During low intensity exercise the majority of energy (kcals) comes from fat. As exercise intensity increases, the percent of energy derived from fat decreases. However, the absolute amount of energy derived from fat is actually increased! As exercise intensity increases, so does total energy expenditure (caloric expenditure). Even though a smaller percentage of the energy expenditure is coming from fat, more kcals of fat are burned because there is a greater absolute energy expenditure. Therefore, expressing energy derived from fat as a percentage of energy expenditure without considering the total energy expenditure is misleading.

Another consideration is the effect that exercise has on energy expenditure after exercise. Following a high intensity exercise bout, the rate of metabolism is elevated for a slightly longer period of time (when compared to a lower exercise bout), and more energy is expended as your body returns to homeostasis (resting conditions). With regular aerobic exercise, this post-exercise energy expenditure will positively contribute to weight loss goals.

Gender Differences in Muscle Glycogen Depletion
Muscle glycogen concentration is another common technique used to determine fuel utilization during exercise. Muscle glycogen is the storage form of carbohydrate that is located within the muscle cells. Tarnopolsky and others (1990) compared the muscle glycogen depletion patterns of both trained males and females (matched for training status and performance experience) during a 90-minute run at 65% VO2 max. Although muscle glycogen levels were similar between males and females prior to the exercise bout, post exercise biopsy (removing of tissue for analysis) data indicated a significant difference between genders. Glycogen depletion was 25% greater in males compared with females. This was in agreement with the lower RER data reported for females, indicating a greater reliance on fats as fuel during submaximal exercise.

Gender Differences in Epinephrine Concentrations
Studies examining the hormonal responses to exercise have reported greater epinephrine concentrations during submaximal exercise in men when compared to women. Assuming a lower RER response in women during exercise, these findings indicate that women may be more sensitive to the lipolytic actions of epinephrine and are able to metabolize fat more effectively. Tarnopolsky et al. (1990) reported lower epinephrine concentrations during submaximal exercise in females when compared to equally trained males. This was in addition to lower RER values during exercise and less glycogen depletion post exercise in females. Horton and colleagues (1998) also reported that epinephrine levels were significantly lower in women than in men during exercise at 40% VO2max, again suggesting a greater sensitivity to the lipolytic action of epinephrine in women.

Gender Differences in Free Fatty Acid and Glycerol Concentrations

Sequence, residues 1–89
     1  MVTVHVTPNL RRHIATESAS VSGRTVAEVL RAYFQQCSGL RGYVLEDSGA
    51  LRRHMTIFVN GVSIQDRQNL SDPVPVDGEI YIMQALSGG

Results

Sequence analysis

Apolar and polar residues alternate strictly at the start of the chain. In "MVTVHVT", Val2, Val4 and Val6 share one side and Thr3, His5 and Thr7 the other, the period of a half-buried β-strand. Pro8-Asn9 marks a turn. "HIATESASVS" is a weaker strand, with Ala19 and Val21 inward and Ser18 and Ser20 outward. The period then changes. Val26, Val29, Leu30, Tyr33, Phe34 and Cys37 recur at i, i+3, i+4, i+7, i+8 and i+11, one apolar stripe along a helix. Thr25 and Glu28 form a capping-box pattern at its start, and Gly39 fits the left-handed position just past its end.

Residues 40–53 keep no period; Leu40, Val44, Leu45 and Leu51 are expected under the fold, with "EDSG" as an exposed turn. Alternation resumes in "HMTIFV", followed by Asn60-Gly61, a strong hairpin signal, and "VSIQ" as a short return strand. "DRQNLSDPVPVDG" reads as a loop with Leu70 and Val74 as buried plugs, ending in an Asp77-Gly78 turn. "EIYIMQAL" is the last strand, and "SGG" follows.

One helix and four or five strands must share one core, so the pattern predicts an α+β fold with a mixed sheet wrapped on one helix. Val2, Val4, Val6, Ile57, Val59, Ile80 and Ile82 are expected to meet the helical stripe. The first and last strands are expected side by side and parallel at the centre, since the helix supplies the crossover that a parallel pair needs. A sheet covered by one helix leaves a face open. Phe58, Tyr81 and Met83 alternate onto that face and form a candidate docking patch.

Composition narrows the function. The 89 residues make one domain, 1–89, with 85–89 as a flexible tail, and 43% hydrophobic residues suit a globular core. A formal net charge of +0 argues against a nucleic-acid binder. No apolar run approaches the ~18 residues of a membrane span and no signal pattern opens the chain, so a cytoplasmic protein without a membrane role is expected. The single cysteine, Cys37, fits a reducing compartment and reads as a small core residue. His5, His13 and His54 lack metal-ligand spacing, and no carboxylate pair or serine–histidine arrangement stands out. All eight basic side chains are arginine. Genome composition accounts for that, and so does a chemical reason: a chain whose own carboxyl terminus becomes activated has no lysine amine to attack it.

Plasma (fluid portion of blood) concentrations of FFA and glycerol are both indicators of adipose tissue lipolysis. As adipose tissue lipolysis increases, plasma concentrations of FFA and glycerol increase. Several investigators have studied the gender differences in plasma FFA and glycerol concentrations, in response to submaximal exercise. Blatchford et al. (1985) reported significant gender differences in FFA and glycerol concentrations when males and females (matched for training status) exercised at 35% VO2max. At both 45 and 90 minutes of exercise, plasma FFA values were higher in females than in males. In addition, at 45 minutes plasma glycerol levels were significantly higher in females than in males. Horton and colleagues (1998) also found significant gender-based differences in FFA and glycerol concentrations during exercise. Plasma FFA and glycerol concentrations were reportedly higher in females than in males during submaximal exercise.

Tarnopolsky et al. (1990) reported significantly lower RER values in females during exercise at 65% VO2 max, however, this was not accompanied by an increase in plasma concentration of FFA or glycerol in these subjects. These researchers hypothesized that the increase in fat metabolism in women was due to a higher utilization of IMTG (which do not increase plasma concentrations of FFA or glycerol), as opposed to a greater adipose tissue lipolysis. The above findings on gender differences in FFA and glycerol concentrations indicate that, in women, beta receptor sensitivity for lipolysis may be increased, alpha receptor sensitivity may be decreased, or IMTG contribute to a higher percentage of fat metabolism during exercise.

In addition to the above findings, it has been reported that IMTG stores are higher in women than in men (Blaak, 2001; Braun & Horton, 2001). This finding suggests the possibility that a higher IMTG oxidation may contribute to the increased fat oxidation and glycogen sparing in women during exercise. It has also been reported that women have a higher expression of FFA transport proteins (FATP, FABP, FAT) in skeletal muscle cells (Blaak, 2001). With an increase in FFA transport proteins the amount of FFA entering the muscle cell is augmented and the FFA available for oxidation in the mitochondria (organelle of cell responsible for energy production) is increased. An increase in FFA transport into the muscle cell could also contribute to an increased FFA storage into IMTG.

The Bottom Line
There are distinct differences in the mobilization, metabolism, and storage of fat between genders (summarized in Table 1). Most of the current research is finding that the proportion of energy derived from fat is increased during low to moderate intensity exercise in women as compared to men. Although there is a handful of research on this topic, additional research is needed to determine the exact mechanisms involved in this difference between genders and why the increase in fat metabolism is evident during exercise but not at rest. Differences in percent body fat, distribution of body fat, hormonal responses to exercise, and hormone receptor type and sensitivity may all contribute to gender-related differences in fat metabolism.